book review: defending jacob

Title: Defending Jacob

Author: William Landay

Genre:  Fiction, Crime Drama, Mystery, Thriller

Publishing Date: 2012

Defending Jacob, book cover
Defending Jacob,
William Landay


Synopsis: In a small, upper-class Boston suburb, a 14-year-old boy has been stabbed to death. And the primary suspect quickly becomes Jacob Barber, the only child of Assistant District Attorney Andy Barber. The story, told from Andy’s perspective, follows the Barber family through the months leading up to and through the trial, as evidence slowly mounts against the brooding, intense, anti-social Jacob.

Opinion: Defending Jacob was the second book chosen by my newly formed book club. I haven’t read a crime drama in quite some time (A Time to Kill is the last one that comes to mind), so I was eager to tackle this one.

From a crime-drama-thriller-twist-ending perspective, Defending Jacob did not disappoint. After a slow start, this novel picked up the pace after about 50 pages and never slowed down. It was like reading a movie. And I was constantly changing my mind about what I thought happened—leaving me feeling like an outside detective on the case.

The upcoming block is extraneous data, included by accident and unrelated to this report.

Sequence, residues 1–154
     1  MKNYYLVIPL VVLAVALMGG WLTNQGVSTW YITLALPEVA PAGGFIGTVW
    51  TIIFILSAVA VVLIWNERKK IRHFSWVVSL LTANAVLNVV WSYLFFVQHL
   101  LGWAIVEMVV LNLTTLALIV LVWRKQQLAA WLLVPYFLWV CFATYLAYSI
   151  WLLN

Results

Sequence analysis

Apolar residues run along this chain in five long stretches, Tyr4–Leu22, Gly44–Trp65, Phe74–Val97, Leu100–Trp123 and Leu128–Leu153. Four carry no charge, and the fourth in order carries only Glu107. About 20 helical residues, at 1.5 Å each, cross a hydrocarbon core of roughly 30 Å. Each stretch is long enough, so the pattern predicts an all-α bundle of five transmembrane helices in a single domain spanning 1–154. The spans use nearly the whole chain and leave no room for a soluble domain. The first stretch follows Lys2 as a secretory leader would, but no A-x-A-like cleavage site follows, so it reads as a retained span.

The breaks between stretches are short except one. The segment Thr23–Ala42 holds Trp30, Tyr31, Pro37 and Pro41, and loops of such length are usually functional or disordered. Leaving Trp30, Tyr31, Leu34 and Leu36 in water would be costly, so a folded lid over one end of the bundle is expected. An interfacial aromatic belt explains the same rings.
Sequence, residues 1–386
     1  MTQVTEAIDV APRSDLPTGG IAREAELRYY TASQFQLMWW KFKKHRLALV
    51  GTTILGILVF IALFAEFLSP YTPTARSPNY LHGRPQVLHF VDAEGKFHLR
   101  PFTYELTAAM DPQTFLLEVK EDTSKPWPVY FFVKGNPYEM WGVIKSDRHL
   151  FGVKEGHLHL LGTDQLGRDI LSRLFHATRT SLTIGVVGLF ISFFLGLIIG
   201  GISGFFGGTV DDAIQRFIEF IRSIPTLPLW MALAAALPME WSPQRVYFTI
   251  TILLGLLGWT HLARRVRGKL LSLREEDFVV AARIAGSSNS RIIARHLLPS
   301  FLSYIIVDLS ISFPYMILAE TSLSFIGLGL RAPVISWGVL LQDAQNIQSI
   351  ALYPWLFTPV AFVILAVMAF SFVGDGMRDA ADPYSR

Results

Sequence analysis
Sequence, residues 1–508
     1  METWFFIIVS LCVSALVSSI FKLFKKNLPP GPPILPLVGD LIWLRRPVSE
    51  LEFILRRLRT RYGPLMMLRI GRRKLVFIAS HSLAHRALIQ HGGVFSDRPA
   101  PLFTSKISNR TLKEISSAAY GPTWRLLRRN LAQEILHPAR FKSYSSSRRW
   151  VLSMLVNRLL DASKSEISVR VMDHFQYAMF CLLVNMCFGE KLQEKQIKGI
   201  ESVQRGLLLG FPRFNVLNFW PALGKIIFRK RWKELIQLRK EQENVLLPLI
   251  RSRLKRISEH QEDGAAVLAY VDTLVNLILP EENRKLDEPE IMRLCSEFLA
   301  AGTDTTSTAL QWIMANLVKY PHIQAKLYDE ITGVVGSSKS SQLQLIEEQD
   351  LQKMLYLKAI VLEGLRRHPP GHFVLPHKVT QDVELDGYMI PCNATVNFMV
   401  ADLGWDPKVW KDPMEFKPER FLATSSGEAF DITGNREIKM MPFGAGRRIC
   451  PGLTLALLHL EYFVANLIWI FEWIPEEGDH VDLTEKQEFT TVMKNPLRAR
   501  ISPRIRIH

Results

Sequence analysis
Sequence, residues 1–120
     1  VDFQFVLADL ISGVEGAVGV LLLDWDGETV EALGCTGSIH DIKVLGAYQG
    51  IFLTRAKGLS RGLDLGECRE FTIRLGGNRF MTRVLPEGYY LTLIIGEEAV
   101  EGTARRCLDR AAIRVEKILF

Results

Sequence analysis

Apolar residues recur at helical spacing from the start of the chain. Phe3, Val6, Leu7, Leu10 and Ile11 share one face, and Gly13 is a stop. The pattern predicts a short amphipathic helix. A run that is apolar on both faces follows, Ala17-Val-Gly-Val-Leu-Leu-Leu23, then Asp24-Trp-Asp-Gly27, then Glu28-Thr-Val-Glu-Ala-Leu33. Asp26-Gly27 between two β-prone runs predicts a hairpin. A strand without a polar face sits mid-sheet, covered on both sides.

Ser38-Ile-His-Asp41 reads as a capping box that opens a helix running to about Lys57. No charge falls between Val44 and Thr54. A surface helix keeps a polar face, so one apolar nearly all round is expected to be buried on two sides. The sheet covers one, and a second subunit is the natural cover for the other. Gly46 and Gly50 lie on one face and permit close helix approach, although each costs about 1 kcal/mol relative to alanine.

That being said, the story did have a tremendous flaw for me as a reader. Landay never lets the reader know for sure whether or not Jacob is guilty; it’s up for him or her to infer based on the details given. But Landay paints Jacob in such a poor light, that by Part III, I didn’t care what happened to him. As a result, I wasn’t pulling for any particular outcome—guilty, innocent, or otherwise—which made the final twists and turns of the story fall flat.

The other strange part of this novel is that it takes such lengths to carry the reader through the lingering months leading up to the trial and even through the trial itself. So when what seems like a climax happens with more than 50 pages to go, it leaves you wondering, what else is going to happen here?

If I were writing this novel, I think I would have condensed the pre-trial and actual trial portions, and added more meat to the post-trial twists. So much happens after the trial and it’s breezed over as if the author was simply tired of writing and wanted to wrap it up.

Overall: 3 out of 5

Who Should Read This Book: Fans of crime dramas, for sure. Those who are looking for an exciting page-turner with plenty of twists at the end. Book clubs looking for an intense read and a less intense discussion.

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